Clinical Rheumatology (CLIN RHEUMATOL)

Publisher: International League of Associations for Rheumatology, Springer Verlag

Journal description

Clinical Rheumatology is an international journal devoted to publishing in the English language original clinical investigation and research in the general field of rheumatology with accent on clinical aspects at postgraduate level. Studies carried out anywhere in the world will be considered the basic criterion for acceptance being the medical and scientific standard of the work described.

Current impact factor: 1.70

Impact Factor Rankings

2015 Impact Factor Available summer 2016
2014 Impact Factor 1.696
2013 Impact Factor 1.774
2012 Impact Factor 2.037
2011 Impact Factor 1.996
2010 Impact Factor 1.687
2009 Impact Factor 1.668
2008 Impact Factor 1.559
2007 Impact Factor 1.644
2006 Impact Factor 1.459
2005 Impact Factor 1.261
2004 Impact Factor 1.154
2003 Impact Factor 0.85
2002 Impact Factor 0.976
2001 Impact Factor 0.838
2000 Impact Factor 0.724
1999 Impact Factor 0.615
1998 Impact Factor 0.633
1997 Impact Factor 0.638
1996 Impact Factor 0.484
1995 Impact Factor 0.559
1994 Impact Factor 0.541
1993 Impact Factor 0.634
1992 Impact Factor 0.51

Impact factor over time

Impact factor

Additional details

5-year impact 1.91
Cited half-life 6.10
Immediacy index 0.48
Eigenfactor 0.01
Article influence 0.53
Website Clinical Rheumatology website
Other titles Clinical rheumatology (Online)
ISSN 0770-3198
OCLC 42852134
Material type Document, Periodical, Internet resource
Document type Internet Resource, Computer File, Journal / Magazine / Newspaper

Publisher details

Springer Verlag

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    • Must link to publisher version
    • Set phrase to accompany link to published version (see policy)
    • Articles in some journals can be made Open Access on payment of additional charge
  • Classification
    ​ green

Publications in this journal

  • [Show abstract] [Hide abstract]
    ABSTRACT: Isolated cases and small series have described the development of complex regional pain syndrome, postural orthostatic tachycardia, and fibromyalgia after human papillomavirus (HPV) vaccination. These illnesses are difficult to diagnose and have overlapping clinical features. Small fiber neuropathy and dysautonomia may play a major role in the pathogenesis of these entities. We used the following validated questionnaires to appraise the chronic illness that might appear after HPV vaccination: The 2010 American College of Rheumatology Fibromyalgia Diagnostic Criteria, COMPASS 31 dysautonomia questionnaire, and S-LANSS neuropathic pain form. These questionnaires and a "present illness" survey were e-mailed to persons who had the onset of a chronic ailment soon after HPV vaccination. Forty-five filled questionnaires from individuals living in 13 different countries were collected in a month's period. Mean (±SD) age at vaccination time was 14 ± 5 years. Twenty-nine percent of the cases had immediate (within 24 h) post-vaccination illness onset. The most common presenting complaints were musculoskeletal pain (66 %), fatigue (57 %), headache (57 %), dizziness/vertigo (43 %), and paresthesias/allodynia (36 %). Fifty-three percent of affected individuals fulfill the fibromyalgia criteria. COMPASS-31 score was 43 ± 21, implying advanced autonomic dysfunction. Eighty-three percent of the patients who had ongoing pain displayed S-LANSS values >12, suggesting a neuropathic component in their pain experience. After a mean period of 4.2 ± 2.5 years post-vaccination, 93 % of patients continue to have incapacitating symptoms and remain unable to attend school or work. In conclusion, a disabling syndrome of chronic neuropathic pain, fatigue, and autonomic dysfunction may appear after HPV vaccination.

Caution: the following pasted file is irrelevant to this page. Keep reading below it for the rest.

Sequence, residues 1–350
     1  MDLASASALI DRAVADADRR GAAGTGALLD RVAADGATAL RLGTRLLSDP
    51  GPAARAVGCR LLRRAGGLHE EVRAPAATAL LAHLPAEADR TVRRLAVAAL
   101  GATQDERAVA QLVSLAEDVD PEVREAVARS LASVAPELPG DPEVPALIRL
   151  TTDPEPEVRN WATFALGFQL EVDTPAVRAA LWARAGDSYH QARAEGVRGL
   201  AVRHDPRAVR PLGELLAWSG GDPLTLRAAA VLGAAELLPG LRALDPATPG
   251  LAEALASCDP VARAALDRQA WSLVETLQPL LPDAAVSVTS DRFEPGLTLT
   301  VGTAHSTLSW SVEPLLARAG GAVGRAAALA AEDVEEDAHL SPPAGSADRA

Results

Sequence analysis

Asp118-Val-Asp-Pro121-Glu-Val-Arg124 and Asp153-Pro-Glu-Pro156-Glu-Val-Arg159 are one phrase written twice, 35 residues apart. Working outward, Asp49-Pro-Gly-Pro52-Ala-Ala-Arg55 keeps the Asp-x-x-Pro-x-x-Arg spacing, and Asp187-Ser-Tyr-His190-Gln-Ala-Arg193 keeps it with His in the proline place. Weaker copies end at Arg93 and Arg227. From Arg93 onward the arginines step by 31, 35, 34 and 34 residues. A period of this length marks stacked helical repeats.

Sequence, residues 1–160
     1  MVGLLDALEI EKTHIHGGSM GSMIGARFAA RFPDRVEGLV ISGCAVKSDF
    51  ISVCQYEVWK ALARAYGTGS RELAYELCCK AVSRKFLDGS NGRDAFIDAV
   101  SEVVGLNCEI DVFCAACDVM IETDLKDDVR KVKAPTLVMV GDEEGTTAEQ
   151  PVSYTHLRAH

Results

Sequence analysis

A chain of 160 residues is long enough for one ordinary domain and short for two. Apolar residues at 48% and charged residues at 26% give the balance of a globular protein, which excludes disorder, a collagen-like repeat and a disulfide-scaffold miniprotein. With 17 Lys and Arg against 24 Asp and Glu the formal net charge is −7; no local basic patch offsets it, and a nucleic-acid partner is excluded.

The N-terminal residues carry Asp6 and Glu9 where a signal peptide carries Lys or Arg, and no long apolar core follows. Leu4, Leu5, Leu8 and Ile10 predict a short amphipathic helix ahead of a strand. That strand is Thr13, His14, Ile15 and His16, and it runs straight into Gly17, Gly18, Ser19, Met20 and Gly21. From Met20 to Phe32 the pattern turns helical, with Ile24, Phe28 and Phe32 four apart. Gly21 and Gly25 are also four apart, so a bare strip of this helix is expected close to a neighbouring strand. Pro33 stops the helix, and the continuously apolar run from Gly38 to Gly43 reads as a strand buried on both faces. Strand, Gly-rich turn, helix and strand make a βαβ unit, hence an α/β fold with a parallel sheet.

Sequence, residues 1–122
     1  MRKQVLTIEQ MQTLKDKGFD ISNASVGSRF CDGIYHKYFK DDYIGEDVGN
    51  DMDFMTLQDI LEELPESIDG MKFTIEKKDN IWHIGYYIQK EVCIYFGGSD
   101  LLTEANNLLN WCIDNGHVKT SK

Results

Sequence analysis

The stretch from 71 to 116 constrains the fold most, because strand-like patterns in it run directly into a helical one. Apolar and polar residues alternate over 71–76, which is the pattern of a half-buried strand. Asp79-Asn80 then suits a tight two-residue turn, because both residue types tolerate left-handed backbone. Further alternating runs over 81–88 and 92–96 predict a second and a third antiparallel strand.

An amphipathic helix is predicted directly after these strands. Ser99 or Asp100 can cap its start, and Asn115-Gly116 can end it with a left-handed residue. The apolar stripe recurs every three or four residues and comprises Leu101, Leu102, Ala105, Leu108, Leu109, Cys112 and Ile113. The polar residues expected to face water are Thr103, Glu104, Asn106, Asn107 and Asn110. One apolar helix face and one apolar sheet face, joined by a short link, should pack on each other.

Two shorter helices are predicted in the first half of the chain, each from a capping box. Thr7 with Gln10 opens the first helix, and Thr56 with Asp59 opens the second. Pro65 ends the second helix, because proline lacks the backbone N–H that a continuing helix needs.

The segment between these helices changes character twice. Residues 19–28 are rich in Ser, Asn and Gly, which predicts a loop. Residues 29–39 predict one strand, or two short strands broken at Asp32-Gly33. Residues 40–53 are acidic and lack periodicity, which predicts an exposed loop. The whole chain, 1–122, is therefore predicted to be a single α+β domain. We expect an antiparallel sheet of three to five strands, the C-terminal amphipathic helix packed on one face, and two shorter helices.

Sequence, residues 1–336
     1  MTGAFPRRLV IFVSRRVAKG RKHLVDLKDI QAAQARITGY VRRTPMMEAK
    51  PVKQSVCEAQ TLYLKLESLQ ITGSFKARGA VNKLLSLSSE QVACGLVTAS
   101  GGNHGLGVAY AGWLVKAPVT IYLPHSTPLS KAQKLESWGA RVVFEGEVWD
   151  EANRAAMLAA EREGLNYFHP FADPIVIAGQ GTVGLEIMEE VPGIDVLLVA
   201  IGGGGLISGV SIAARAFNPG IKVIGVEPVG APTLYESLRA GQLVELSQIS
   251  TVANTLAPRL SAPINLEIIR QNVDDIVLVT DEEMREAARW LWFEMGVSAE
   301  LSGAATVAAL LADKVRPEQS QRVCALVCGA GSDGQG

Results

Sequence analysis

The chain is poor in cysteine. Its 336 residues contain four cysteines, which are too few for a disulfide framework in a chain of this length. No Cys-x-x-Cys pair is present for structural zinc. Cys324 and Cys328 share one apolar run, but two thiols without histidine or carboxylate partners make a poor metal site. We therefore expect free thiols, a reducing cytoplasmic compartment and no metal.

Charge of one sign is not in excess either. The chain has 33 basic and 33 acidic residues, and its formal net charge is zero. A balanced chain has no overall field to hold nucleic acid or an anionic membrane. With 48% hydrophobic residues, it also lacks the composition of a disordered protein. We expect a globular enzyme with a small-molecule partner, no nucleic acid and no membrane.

Clinical Rheumatology 09/2015; DOI:10.1007/s10067-015-3070-3
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    ABSTRACT: This study aimed to investigate the retention of the second-line biologic disease-modifying antirheumatic drugs (bDMARDs) in rheumatoid arthritis patients failing their first tumor necrosis factor alpha inhibitor (TNFi). Data was extracted from the Slovenian registry ( on December 15, 2012. Baseline patient characteristics were compared between second-line TNFi and non-TNFi, and potential confounders were identified by the means of binary logistic regression. Differential drug retention was assessed using the Kaplan-Meier method and crude and inverse probability-weighted Cox proportional hazards regression models (Cox model). Two hundred thirty-eight out of 688 patients who received a TNFi as the first biologic were switched to another biologic: 130 to a second-line TNFi and 108 to either rituximab (31.5 %) or tocilizumab (68.5 %) (non-TNFi). Disease activity at starting second-line bDMARD and stopping the first-line TNFi due to either lack of effectiveness or loss of effectiveness were identified as potential confounders. There appears to be a statistically significant retention advantage of the non-TNFi over the second-line TNFi (log rank test, p = 0.000). This advantage is retained even after taking into account the possible effect of confounders which was tested using the inverse probability-weighted Cox model [hazard ratio (HR) 4.39; 95 % confidence interval (CI) 2.62-8.01, p < 0.001]. After the first-line TNFi's failure, a second-line TNFi is more likely to fail earlier than non-TNFi.